I have always been fascinated by language, specifically where it originates and how it adapts, mutates, and relates to other languages. That is why I found the series of blog posts by Andrew’s Kindred so intriguing. It combined my love of etymology with my love of genealogy. I was so inspired, in fact, that I decided to try my hand at chronicling the origins of our families’ surnames.
This is the fourteenth installment of a series of posts documenting the etymology of many of our families’ surnames (recent and distant, direct and indirect.)
Well, since I already covered the N and O names, it’s time to mind our Ps and Qs:
Approximately five years ago, a family history blogger, J. Paul Hawthorne, a.k.a. the GeneaSpy, came up with a simple process of keeping track of his family’s birthplaces, using color-coded charts. He posted his idea on his blog, and that idea inspired others. What started as an easy way for him to trace his family places of origin quickly went viral, and amateur genealogists everywhere answered the call to color-code their charts.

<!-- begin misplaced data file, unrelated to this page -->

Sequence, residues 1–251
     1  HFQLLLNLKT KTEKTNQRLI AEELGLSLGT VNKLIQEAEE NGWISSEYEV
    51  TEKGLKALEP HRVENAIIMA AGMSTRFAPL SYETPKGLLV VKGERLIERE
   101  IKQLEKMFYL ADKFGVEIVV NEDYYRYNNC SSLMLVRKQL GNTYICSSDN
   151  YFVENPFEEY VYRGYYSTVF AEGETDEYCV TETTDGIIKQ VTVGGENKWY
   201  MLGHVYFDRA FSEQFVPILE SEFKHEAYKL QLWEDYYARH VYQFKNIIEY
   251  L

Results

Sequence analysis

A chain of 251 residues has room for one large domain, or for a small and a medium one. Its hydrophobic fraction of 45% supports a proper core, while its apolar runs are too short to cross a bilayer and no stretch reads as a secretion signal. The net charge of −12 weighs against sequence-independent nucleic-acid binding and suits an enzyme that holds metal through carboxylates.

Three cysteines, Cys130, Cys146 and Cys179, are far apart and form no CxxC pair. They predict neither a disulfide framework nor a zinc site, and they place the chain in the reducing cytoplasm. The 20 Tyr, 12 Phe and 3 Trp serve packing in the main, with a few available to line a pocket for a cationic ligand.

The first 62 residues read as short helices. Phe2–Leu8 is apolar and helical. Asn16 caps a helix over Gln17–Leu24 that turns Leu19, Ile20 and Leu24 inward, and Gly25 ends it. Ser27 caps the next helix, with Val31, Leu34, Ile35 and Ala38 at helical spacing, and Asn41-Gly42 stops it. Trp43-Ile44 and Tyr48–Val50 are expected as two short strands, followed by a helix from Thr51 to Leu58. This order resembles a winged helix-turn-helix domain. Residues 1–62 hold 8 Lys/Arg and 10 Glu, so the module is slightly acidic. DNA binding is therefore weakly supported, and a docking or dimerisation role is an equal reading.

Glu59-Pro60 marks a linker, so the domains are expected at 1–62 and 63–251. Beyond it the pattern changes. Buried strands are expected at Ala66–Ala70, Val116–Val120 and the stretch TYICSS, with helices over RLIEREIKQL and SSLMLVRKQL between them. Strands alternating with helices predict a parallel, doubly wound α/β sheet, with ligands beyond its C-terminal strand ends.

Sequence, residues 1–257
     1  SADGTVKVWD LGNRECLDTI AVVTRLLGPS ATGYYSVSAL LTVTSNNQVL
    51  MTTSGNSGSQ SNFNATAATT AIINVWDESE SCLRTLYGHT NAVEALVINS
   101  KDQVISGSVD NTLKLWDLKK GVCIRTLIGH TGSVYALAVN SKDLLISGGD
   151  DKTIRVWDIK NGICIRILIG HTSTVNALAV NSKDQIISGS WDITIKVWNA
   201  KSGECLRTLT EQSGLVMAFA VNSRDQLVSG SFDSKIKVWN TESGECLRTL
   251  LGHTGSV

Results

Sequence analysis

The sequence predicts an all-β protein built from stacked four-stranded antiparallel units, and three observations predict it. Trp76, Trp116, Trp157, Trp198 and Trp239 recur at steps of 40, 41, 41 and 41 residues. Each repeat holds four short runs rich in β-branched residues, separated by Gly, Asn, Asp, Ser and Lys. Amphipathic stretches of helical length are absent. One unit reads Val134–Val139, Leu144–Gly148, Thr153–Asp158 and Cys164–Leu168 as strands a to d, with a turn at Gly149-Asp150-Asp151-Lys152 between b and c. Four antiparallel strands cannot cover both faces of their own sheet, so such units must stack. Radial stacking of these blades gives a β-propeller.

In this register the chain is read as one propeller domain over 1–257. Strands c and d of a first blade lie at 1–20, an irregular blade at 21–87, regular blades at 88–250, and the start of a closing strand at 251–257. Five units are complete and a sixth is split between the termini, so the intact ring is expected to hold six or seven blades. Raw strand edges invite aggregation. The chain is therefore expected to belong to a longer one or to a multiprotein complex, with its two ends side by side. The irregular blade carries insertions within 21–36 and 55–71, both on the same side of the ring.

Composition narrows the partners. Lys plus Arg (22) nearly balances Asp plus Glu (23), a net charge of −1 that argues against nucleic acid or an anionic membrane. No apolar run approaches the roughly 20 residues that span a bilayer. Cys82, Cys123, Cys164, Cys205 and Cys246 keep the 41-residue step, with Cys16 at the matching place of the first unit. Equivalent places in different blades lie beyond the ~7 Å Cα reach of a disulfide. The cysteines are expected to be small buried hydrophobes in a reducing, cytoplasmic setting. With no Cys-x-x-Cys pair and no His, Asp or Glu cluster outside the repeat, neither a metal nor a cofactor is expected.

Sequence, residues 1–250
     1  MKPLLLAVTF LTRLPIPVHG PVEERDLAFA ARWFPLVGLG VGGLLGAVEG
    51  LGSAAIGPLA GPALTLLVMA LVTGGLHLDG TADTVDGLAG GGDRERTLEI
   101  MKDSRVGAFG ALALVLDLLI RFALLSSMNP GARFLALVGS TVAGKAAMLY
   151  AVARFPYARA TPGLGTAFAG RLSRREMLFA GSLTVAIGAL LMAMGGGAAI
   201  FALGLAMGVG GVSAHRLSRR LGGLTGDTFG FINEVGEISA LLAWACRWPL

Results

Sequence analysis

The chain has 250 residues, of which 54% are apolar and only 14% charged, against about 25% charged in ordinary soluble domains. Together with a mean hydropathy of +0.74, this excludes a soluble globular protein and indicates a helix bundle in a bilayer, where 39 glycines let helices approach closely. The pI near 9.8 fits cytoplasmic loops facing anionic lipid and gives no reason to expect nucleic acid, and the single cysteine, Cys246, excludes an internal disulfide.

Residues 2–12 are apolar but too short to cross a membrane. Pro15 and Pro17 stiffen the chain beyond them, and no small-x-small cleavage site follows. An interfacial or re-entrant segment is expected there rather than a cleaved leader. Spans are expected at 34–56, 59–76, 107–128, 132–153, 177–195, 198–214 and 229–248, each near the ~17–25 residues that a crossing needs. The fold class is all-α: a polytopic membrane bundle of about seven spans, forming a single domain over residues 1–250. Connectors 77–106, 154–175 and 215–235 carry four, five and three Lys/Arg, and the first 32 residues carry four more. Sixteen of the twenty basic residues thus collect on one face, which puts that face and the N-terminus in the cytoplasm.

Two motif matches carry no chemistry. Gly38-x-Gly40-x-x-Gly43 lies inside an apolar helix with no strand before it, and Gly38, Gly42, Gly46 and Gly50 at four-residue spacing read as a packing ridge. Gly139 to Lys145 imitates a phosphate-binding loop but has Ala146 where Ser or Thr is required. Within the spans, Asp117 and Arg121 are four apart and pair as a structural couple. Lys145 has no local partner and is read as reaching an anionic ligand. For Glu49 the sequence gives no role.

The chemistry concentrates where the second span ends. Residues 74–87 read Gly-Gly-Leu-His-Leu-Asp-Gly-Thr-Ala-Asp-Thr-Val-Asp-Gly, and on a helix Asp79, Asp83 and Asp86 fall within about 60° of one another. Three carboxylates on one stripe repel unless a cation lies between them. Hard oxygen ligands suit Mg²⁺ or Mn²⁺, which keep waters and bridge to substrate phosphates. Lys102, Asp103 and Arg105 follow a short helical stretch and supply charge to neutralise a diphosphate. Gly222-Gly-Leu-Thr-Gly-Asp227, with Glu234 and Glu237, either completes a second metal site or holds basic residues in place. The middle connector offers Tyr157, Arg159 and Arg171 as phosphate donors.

Like the surf undulating against the shore, the sands of the Sahara ebb and flow with the wind. Alice George watches the English waters, recalling the life she left behind years ago when she roamed the desert with the Tuareg, a tribe of nomadic warriors. Separated by decades and distance, it had been easy to keep these two lives far removed from one another, that is, until circumstances cause her past and present to collide and Alice’s carefully crafted existence to crumble.
When Newspapers.com recently offered three-days of unlimited access to their digitized newspaper collection, yours truly, being ever frugal and always researching, logged on and searched away.
First, I dug into all those brick-wall ancestors and soon hit paydirt, finding a few particularly private ones buried in the yellowed newsprint. Although none of these articles named these dead-end ancestors’ parents, they did provide some insight into the lives they led.